70.—(1) Without prejudice to section 69, a law enacted by the Legislature shall make provision to hold a referendum amongst persons registered as electors in accordance with section 90 on a matter or matters of national importance that do not contravene any part of the Bill of Rights or
    any other part of this Constitution.

    (2) Before a referendum under this section may be held—
    (a) there shall be presented to the Cabinet a petition signed by not less than 25 per cent of persons registered as electors in accordance with section 90;
    (b) the Cabinet shall settle the wording of a referendum question or questions within a reasonable time period as prescribed by law; and
    (c) the Cabinet shall make a determination on the date the referendum shall be held in a manner prescribed by law.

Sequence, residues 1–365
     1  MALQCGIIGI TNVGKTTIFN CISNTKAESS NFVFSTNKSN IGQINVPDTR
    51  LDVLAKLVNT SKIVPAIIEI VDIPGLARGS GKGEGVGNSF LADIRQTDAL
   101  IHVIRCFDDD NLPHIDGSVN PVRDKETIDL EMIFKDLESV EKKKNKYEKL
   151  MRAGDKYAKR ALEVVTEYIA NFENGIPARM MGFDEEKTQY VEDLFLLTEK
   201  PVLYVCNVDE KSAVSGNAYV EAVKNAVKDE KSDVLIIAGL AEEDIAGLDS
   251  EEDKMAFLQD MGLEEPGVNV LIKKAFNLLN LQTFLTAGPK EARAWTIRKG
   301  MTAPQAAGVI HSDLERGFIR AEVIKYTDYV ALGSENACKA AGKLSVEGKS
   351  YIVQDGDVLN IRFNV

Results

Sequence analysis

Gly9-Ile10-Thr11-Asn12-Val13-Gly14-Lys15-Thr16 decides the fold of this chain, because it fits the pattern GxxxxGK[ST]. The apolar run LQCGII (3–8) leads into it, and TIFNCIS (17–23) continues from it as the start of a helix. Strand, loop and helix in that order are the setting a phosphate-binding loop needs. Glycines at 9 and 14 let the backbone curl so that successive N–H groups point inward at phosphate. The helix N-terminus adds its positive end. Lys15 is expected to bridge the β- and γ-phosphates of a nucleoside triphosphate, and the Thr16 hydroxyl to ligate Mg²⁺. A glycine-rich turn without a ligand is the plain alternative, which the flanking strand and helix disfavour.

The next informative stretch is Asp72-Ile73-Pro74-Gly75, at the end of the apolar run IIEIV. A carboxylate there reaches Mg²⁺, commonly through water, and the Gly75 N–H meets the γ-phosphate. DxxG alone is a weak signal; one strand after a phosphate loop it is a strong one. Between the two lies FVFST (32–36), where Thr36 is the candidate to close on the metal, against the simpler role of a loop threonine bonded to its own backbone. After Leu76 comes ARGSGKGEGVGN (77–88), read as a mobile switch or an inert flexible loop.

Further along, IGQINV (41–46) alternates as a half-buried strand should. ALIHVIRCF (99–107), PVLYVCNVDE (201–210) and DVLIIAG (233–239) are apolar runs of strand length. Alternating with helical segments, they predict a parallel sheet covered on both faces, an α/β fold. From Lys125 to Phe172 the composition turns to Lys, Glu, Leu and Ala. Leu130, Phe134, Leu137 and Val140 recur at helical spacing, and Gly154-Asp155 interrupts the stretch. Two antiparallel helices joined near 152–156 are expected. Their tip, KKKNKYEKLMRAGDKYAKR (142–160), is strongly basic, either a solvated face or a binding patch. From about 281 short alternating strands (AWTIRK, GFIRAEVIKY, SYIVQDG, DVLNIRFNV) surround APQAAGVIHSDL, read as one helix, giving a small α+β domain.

(3) Subject to this Constitution, a referendum under this section shall be binding on the Government and the Legislature if assented to by more than 50 per cent of persons registered as electors in accordance with section 90.

    #Petition #Referendum #Cayman #Constitution

    • Anonymous says:

      I hope the new Governor will step in to ensure proper governance and a fair vote.

      • Anonymous says:

        But remember what Keevie told him during his “welcoming” speech? Even so, I believe the Governor will keep his eyes wide open and discern ignorance – and rampant greed for money and power – when it gets spewed out.. Just hope he doesn’t get spirited away in the middle of the night by the FCO before he can ensure compliance with our laws and transparent governance.